What the experts say about lawn irrigation
Lawn irrigation is a popular category on Angie's List, and despite common concerns about price and effectiveness, the systems can actually help you save water - and money - in the long run. We talked to lawn irrigation specialists around the country to get to the root of how these systems work.
Who we talked to
Ken Barthuly, co-owner
Barthuly Irrigation Inc.
Robert Humphrey, owner
Absolute Irrigation Inc.
Fred Strong, owner
Earthwater Projects/Water-Conserving Irrigation
David Robertson, owner
Ecosystems Services Inc.
What's the benefit of having an irrigation system?
Save time and money. "Irrigation systems provide more efficient watering and will save you money [on your water bill] in the long run," says Robert Humphrey, owner of Absolute Irrigation Inc. in Worthington, Ohio. "Everything's controlled by a timer, and it's based on zones, so you can set it for grass areas and landscaped areas. One main timer will control where you're watering and how much water you want in those areas. A rain sensor is included, so if it's raining and you're scheduled to water, it'll actually turn the system off for you."
Conserve water. "The No. 1 convenience is that you're less likely to over water," says Fred Strong, owner of Earthwater Projects/Water-Conserving Irrigation in Portland, Ore. "Many times, when homeowners water by hand or set out a sprinkler, they're not very efficient about where the water goes, or they go inside and forget the sprinklers are on."
Protect your landscaping investment. "It's going to keep your investment in your plant material alive," says David Robertson, owner of Ecosystems Services Inc. in Roswell, Ga. "You want to protect the investment in your home by keeping the grass green and your plants watered." You can also adapt your irrigation system for the types of plants you have by creating zones and timing them differently, adds Strong.
Climate control. In regions like the Southwest where there's very little to no rain, irrigation systems are very popular. "To have any vegetation at all, you have to have a sprinkler system," says Mark Perkins, owner of Sprinkler Advisor in Mesa, Ariz.
What do homeowners need to do to properly use and maintain an irrigation system?
Know when to water. Watering times will vary greatly - it depends on the soil content, the slope and how much sun the area gets. "It's always best to irrigate in the cool hours of the morning. During the day, the water evaporates so quickly that it causes problems and in the evening, the water doesn't evaporate and the standing water makes for mold," says Ken Barthuly, co-owner of Barthuly Irrigation Inc. in Zionsville, Ind." Martin agrees and adds that when it's really hot out, you need to run it every day." In the Southwest, Perkins says you shouldn't water in the middle of the day during spring and summer, especially when it's windy or very hot. "Any time at night or early morning is fine," he says.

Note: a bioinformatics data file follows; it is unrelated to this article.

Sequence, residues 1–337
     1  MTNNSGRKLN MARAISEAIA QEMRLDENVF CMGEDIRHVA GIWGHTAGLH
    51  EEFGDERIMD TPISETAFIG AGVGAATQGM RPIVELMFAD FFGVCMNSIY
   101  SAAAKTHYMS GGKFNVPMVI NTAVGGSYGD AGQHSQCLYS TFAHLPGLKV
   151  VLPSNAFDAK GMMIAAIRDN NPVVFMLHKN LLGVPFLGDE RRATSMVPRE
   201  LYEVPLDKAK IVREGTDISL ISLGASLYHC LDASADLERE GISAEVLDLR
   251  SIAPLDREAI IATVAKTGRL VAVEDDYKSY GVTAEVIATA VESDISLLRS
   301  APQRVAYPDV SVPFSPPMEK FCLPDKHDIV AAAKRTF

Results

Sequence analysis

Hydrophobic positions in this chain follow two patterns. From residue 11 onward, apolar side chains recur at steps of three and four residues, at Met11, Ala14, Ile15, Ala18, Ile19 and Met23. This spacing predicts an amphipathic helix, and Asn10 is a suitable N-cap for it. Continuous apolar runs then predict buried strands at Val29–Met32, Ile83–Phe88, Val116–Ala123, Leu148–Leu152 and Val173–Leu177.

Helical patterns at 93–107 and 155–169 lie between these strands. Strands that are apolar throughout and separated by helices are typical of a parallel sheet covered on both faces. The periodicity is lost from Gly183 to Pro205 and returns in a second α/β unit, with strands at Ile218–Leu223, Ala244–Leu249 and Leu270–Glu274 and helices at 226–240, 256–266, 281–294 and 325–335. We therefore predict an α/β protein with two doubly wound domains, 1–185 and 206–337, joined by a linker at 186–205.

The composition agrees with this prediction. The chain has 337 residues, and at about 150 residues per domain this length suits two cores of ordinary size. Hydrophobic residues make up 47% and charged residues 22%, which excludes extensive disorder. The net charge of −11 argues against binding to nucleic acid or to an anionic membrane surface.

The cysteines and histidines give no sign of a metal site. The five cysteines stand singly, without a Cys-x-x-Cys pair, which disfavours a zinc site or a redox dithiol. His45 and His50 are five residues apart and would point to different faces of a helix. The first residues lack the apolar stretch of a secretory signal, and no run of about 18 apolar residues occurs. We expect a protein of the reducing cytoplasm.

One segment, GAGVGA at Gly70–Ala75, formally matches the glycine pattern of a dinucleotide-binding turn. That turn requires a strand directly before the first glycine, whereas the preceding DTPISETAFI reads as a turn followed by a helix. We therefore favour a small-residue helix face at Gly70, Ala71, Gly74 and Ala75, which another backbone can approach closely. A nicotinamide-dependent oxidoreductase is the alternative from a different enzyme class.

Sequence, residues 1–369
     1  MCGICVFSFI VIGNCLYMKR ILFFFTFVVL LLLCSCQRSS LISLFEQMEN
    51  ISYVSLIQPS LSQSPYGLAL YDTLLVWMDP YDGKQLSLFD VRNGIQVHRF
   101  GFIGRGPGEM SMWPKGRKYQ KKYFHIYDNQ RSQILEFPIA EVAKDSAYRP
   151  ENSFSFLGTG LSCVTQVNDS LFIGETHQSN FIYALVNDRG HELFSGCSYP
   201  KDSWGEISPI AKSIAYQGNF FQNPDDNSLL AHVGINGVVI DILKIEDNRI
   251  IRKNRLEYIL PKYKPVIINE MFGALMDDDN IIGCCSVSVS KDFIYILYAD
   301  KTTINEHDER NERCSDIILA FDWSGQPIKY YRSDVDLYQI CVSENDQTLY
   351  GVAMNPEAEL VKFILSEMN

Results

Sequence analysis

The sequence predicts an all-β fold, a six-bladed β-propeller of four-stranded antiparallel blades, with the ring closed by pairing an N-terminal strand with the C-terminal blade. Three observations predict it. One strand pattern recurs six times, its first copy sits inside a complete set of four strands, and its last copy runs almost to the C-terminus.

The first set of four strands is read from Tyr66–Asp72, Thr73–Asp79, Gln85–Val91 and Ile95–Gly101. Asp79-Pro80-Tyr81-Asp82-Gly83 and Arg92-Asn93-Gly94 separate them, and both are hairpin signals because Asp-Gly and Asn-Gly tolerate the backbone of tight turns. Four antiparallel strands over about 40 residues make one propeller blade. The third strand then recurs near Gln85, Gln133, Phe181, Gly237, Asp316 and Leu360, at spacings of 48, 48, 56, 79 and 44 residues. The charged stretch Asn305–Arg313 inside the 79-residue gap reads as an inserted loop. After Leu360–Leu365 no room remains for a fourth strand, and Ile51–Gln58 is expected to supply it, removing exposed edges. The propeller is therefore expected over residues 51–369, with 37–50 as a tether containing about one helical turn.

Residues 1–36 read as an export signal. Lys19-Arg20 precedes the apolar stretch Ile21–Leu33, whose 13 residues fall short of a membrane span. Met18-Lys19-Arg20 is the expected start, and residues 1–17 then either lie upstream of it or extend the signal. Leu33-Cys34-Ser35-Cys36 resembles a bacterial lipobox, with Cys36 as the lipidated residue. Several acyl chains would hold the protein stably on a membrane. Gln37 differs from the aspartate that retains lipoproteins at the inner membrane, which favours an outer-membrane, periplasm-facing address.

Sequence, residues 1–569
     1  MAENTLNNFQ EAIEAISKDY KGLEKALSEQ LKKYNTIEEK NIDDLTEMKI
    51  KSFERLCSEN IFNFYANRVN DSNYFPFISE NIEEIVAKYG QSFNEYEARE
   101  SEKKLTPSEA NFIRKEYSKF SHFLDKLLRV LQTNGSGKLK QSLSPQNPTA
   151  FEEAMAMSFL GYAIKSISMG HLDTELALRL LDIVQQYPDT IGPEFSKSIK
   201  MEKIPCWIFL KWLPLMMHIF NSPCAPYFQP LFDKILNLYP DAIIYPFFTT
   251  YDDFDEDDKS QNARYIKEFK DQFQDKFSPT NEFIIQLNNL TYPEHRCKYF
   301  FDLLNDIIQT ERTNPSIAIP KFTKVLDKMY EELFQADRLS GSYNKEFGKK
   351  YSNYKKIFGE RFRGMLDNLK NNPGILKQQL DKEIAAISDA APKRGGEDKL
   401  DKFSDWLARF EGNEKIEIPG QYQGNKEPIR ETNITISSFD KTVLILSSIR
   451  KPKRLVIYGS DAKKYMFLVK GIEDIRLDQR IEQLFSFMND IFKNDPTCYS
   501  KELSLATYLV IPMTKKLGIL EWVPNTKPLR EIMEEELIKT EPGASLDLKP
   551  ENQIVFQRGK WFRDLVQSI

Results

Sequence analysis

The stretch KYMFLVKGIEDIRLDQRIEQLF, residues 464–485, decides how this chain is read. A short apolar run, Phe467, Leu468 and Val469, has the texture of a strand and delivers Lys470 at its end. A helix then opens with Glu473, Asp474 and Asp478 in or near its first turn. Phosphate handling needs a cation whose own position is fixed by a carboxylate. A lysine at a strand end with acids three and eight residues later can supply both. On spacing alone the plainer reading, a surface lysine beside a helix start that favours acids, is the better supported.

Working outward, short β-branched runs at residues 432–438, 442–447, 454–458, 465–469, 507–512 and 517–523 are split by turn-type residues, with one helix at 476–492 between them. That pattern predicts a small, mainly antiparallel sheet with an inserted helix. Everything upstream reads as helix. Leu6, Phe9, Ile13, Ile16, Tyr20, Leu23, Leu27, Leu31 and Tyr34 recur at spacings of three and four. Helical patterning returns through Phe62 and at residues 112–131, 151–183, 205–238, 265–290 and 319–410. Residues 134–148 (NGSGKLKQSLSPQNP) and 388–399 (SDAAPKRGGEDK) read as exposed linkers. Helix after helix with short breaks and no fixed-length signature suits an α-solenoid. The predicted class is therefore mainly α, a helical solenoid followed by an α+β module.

Troubleshoot. "Consistently look for leaks or other issues that may keep the system from working efficiently," says Robertson. "Just because the driveway is wet when you look out the window in the morning doesn't mean your system is working at its most efficient state.
Timing is everything: Robertson says homeowners can save a lot of time and money if they set the timers themselves. "Just take the time to read the directions," he warns. "The standard recommendation is to give your outdoor plants an inch of water per week, but that doesn't necessarily apply to everything. Make sure you know how much water your grass needs, and be ready to abide by any watering regulations."
Full coverage? You want enough sprinkler heads that every part of the yard is covered, but not so many that you lose pressure, says Perkins. "Good quality valves should last 15 to 20 years without maintenance; some only last three to five, so ask your service professional about the maintenance record on the valves he uses," he adds.
Do you do anything to update irrigation systems between seasons?
Midwest: "Every year, the system should be winterized, which consists of blowing compressed air through the pipes and sprinkler heads," Barthuly says. "If you don't blow the system out, you're going to have cracked pipes." Once spring hits, Humphrey restarts the system by checking for leaks and damaged heads. "Right now, every city is requiring a backflow certification. That device prevents you from drinking stagnant water, and we hook pressure testers up to get a reading," Humphrey says.
Northwest: "I suggest that everybody [in Portland] have their system winterized by Dec. 1," says Strong. "Any chance of freezing in Portland is going to occur in December and January. In this climate, people will need their irrigation systems in July, August and September, because there's virtually no rainfall at all during those months. I'd say you need to get your system started up by the first of May, and then you'll be ready."
Southeast: "Absolutely. You have to perform routine checks of the system, even here in the South," says Robertson. "I check on the system in the spring and tweak it if necessary, then I'll check it again in the fall to make sure it's properly winterized."
Southwest: "It doesn't get cold enough in Phoenix to have to blow out the pipes, but the clocks need seasonal adjustments to account for the time change and frequency of watering," Perkins says.
Who handles the repairs and maintenance?
Each of the service companies we spoke to can repair and maintain any irrigation system – whether they installed it or not. Some even offer a free month of service immediately following installation to ensure the system is working properly. Warranty terms vary, but most cover parts and labor.